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Winning the Lottery

Date: 07/22/2009 at 18:06:57
From: Spud
Subject: Math Problem

My question is due to a gambling scheme they have at my local pub
which I am curious about.  The setup is as follows - 

You must choose 5 numbers from 1-40 and match 3 randomly picked (just 
like the lottery with less numbers and much better chance).

I was wondering how many different combinations of 5 numbers are 
there in 40 and how many different combinations would it take to 
cover every possible outcome of numbers emerging?

Thanks - Spud.



Date: 07/26/2009 at 09:45:02
From: Doctor Vogler
Subject: Re: Math Problem

Hi Spud,

Thanks for writing to Doctor Math.  There are

  40*39*38*37*36/(1*2*3*4*5) = 658,008

combinations of 5 numbers out of 40, so that is the number of
different guesses that are available to be guessed.  But each guess of
five numbers matches

  5*4*3/(1*2*3) = 10

different picks of three numbers.

There are

  40*39*38/(1*2*3) = 9880

combinations of 3 numbers out of 40, so that is the number of
different possible random picks of three (I'll call them answers)
there are.  If each one is equally likely, then any particular guess
of five numbers (which matches 10 answers) has one chance in 988 of
matching the correct answer.

But that's not *quite* the question you asked.  Certainly you would
need to make at least 988 guesses in order to be able to cover every
possible answer.  But is there a way to construct 988 guesses so that
they cover every possible answer exactly once, with no repeats?

It turns out that the answer is no.  Here's one way to prove it. 
Suppose you have a list of guesses that covers every possible answer.
How many guesses contain the number 1?  Well, out of the 9880
possible answers, 741 of them contain a 1, and your guesses must cover
these 741 answers.  But each guess that contains a 1 only covers 6
possible answers that contain a 1, so that means that you need at
least 741/6 guesses that contain a 1.  Well, 741/6 is not an integer;
it is between 123 and 124.  So you need at least 124 guesses that
contain a 1.

In fact, there must be at least 124 guesses that contain the number x
for every x between 1 and 40.  This doesn't mean that you need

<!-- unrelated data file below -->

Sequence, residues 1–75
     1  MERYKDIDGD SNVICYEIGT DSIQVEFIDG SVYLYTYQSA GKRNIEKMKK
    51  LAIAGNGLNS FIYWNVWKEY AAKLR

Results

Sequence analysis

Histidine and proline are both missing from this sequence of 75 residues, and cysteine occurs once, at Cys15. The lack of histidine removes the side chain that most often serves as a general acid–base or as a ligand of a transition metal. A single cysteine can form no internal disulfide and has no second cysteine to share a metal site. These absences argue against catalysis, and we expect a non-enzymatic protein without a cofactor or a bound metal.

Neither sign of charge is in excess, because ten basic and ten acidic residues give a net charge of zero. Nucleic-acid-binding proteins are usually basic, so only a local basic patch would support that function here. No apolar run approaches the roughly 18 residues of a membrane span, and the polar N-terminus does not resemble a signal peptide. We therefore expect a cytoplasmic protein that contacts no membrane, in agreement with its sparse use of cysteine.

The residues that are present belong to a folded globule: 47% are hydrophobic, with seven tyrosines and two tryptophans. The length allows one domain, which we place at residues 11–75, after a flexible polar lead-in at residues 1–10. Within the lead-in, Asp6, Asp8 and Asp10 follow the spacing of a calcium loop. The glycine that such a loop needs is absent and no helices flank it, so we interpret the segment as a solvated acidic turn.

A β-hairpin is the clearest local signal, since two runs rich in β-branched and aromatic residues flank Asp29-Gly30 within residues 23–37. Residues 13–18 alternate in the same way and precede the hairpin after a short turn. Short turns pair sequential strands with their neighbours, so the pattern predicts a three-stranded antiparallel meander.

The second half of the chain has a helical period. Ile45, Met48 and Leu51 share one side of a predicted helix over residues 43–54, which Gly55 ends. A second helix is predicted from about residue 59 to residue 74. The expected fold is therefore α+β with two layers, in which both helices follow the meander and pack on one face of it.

124*40=4960 guesses, because each guess contains 5 numbers, so you
would be counting each guess 5 times.  Therefore, it means that you
need at least 124*40/5=992 guesses.  That's only 4 more than our first
try, but can we solve the problem with only 992 guesses?

It turns out that the answer is no.  We can use an argument similar to
the one above to get a larger minimum.  Suppose you have a list of
guesses that covers every possible answer.  How many guesses contain
the numbers 1 and 2?  Well, out of the 9880 possible answers, 38 of
them contain a 1 and a 2, and your guesses must cover these 38
answers.  But each guess that contains a 1 and a 2 only covers 3
possible answers that contain a 1 and a 2, so that means that you need
at least 38/3 guesses that contain a 1 and a 2.  Since 38/3 is bigger
than 12, that means that you need at least 13 guesses that contain a 1
and a 2.  In fact, there must be at least 13 guesses that contain the
numbers x and y for every pair of two different integers between 1 and
40.  There are 40*39/2 = 780 such pairs, and each guess contains 10
such pairs.  So that means that you need at least 13*780/10 = 1014
guesses.

But can we solve the problem with only 1014 guesses?  It turns out
that the answer is no.  If it were true, then for every pair of
numbers, there would be exactly one third number such that those three
appear twice.  So, for example, given the pair 1 and 2, there is some
other number (say 3) such that 1,2,3 appear in two different guesses.
 But then, given the pair 1 and 3, the other number must be 2, because
we already know that 1,2,3 appear in two different guesses.  In this
sense, the 39 numbers other than 1 are paired up, but you can't pair
up an odd number of numbers.  So you can't do 1014 guesses.

Well, all this negativity might lead one to ask what you *can* do?  It
seems reasonable that you shouldn't have to use *too* many more
guesses than 1014.  Well, I'm not quite sure what the minimum number
of guesses is, but I had my computer use a kind of "greedy" algorithm
to try to find a fairly small set of guesses that covers all 9880
possible answers, and it found a set of 1211 guesses that did.  So you
don't need more than 1211 guesses, and the minimum number of guesses
needed is somewhere between 1015 and 1211.

If you have any questions about this or need more help, please write
back and show me what you have been able to do, and I will try to
offer further suggestions.

- Doctor Vogler, The Math Forum
  http://mathforum.org/dr.math/ 
Associated Topics:
High School Permutations and Combinations

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